Deirdre Coyle

Goodreads Author


Born
in The United States
Website

Twitter

Member Since
July 2011

URL


Deirdre Coyle is a goth living in Brooklyn. She tweets @DeirdreKoala.

Average rating: 4.85 · 48 ratings · 5 reviews · 9 distinct worksSimilar authors
How to Talk to Writers at P...

4.77 avg rating — 13 ratings — published 2017 — 2 editions
Rate this book
Clear rating
Goddessmode

by
4.78 avg rating — 9 ratings — published 2015
Rate this book
Clear rating
FLAPPERHOUSE - Year Three

by
it was amazing 5.00 avg rating — 8 ratings — published 2017
Rate this book
Clear rating
Ghost City Review, Volume I

by
4.60 avg rating — 5 ratings
Rate this book
Clear rating
FLAPPERHOUSE #12 - Winter 2017

by
4.75 avg rating — 8 ratings2 editions
Rate this book
Clear rating
Ghost City Review, Volume II

by
it was amazing 5.00 avg rating — 3 ratings
Rate this book
Clear rating
Zahir #19

by
it was amazing 5.00 avg rating — 2 ratings — published 2009
Rate this book
Clear rating
Enter Rural Scene

by
it was amazing 5.00 avg rating — 2 ratings
Rate this book
Clear rating
The AWW Collection 2017

by
it was amazing 5.00 avg rating — 1 rating
Rate this book
Clear rating
More books by Deirdre Coyle…

Upcoming Events

No scheduled events. Add an event.

Where the Wild La...
Rate this book
Clear rating

 
The Perilous Gard
Rate this book
Clear rating

 
Six Ways: Approac...
Rate this book
Clear rating

 

Deirdre’s Recent Updates

Deirdre rated a book it was amazing
Daddy by Emma Cline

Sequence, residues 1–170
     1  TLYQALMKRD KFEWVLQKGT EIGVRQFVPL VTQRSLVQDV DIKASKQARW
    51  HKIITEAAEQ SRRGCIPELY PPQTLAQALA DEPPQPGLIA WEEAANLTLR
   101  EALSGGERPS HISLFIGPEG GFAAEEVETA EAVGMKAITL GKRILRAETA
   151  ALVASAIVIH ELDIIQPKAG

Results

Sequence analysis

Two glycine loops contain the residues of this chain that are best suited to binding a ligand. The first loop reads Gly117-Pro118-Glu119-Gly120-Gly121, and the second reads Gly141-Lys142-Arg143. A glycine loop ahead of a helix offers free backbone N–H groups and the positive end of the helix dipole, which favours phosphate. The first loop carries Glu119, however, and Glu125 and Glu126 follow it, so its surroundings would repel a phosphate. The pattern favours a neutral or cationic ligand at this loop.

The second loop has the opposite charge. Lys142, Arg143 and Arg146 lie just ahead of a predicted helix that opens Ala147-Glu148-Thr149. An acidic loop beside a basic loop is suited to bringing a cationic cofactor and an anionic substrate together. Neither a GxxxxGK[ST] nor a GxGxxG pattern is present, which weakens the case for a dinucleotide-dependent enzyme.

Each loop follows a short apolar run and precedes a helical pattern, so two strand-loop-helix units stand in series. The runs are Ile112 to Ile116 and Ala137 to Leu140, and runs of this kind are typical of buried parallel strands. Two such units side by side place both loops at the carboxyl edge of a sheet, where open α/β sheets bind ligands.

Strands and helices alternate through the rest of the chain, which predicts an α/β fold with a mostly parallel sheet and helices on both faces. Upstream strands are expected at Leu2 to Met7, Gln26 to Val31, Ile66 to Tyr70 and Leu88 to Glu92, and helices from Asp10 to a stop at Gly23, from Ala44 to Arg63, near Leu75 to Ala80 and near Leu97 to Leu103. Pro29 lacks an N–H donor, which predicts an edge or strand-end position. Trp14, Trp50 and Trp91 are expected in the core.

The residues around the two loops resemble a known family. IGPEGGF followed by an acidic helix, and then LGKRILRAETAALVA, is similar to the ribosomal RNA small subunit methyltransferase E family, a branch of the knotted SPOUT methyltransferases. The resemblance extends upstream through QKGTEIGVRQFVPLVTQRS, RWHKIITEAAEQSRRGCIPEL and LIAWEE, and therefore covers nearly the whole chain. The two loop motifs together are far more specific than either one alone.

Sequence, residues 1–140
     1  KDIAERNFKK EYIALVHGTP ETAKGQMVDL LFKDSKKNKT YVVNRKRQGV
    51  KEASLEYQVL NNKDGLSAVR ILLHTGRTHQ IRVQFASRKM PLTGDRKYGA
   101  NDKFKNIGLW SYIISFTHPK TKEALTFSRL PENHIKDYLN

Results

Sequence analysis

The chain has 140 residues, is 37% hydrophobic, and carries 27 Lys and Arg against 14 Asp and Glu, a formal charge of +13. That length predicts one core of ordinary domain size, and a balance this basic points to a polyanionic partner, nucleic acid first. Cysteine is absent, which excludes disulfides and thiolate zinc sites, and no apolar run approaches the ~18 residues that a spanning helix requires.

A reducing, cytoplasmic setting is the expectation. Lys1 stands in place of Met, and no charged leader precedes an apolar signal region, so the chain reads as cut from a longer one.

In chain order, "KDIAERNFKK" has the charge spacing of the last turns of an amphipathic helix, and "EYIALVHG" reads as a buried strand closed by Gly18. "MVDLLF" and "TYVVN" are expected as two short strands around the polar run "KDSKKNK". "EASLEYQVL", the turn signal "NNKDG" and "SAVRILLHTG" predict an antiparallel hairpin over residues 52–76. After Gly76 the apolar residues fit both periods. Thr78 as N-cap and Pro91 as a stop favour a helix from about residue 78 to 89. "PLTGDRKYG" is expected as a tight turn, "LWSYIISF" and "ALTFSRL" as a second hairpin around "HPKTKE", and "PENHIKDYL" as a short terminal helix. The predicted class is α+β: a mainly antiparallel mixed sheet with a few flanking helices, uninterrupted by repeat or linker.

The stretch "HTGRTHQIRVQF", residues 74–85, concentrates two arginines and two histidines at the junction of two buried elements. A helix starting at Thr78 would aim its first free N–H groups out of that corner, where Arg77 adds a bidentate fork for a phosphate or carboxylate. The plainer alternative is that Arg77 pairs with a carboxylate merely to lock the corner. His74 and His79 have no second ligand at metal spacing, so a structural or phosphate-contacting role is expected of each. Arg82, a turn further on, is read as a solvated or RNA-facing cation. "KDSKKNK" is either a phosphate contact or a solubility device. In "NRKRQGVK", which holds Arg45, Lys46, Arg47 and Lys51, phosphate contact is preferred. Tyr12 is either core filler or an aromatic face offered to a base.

Rate this book
Clear rating
Deirdre wants to read
Daughters of the Air by Anca L. Szilagyi
Daughters of the Air
by Anca L. Szilagyi (Goodreads Author)
Rate this book
Clear rating
Deirdre wants to read
White Magic by Elissa Washuta
White Magic
by Elissa Washuta (Goodreads Author)
Rate this book
Clear rating
Deirdre rated a book it was amazing
Ayoade on Top by Richard Ayoade
Rate this book
Clear rating
Deirdre rated a book really liked it
The Beautiful Thing That Awaits Us All by Laird Barron
Rate this book
Clear rating
Deirdre rated a book it was amazing
Grimoire Noir by Vera Greentea
Grimoire Noir
by Vera Greentea (Goodreads Author)
Rate this book
Clear rating
Deirdre is currently reading
Daddy by Emma Cline
Rate this book
Clear rating
Deirdre is currently reading
Where the Wild Ladies Are by Aoko Matsuda
Rate this book
Clear rating
Deirdre rated a book it was amazing
The Lady of Shalott by Alfred Tennyson
Rate this book
Clear rating
Deirdre rated a book it was amazing
The Illustrated Encyclopaedia of Arthurian Legends by Ronan Coghlan
Rate this book
Clear rating
More of Deirdre's books…
Anaïs Nin
“In the world of the dreamer there was solitude: all the exaltations and joys came in the moment of preparation for living. They took place in solitude. But with action came anxiety, and the sense of insuperable effort made to match the dream, and with it came weariness, discouragement, and the flight into solitude again. And then in solitude, in the opium den of remembrance, the possibility of pleasure again. What was she seeking to salvage from the daily current of living, what sudden revulsions drove her back into the solitary cell of the dream?”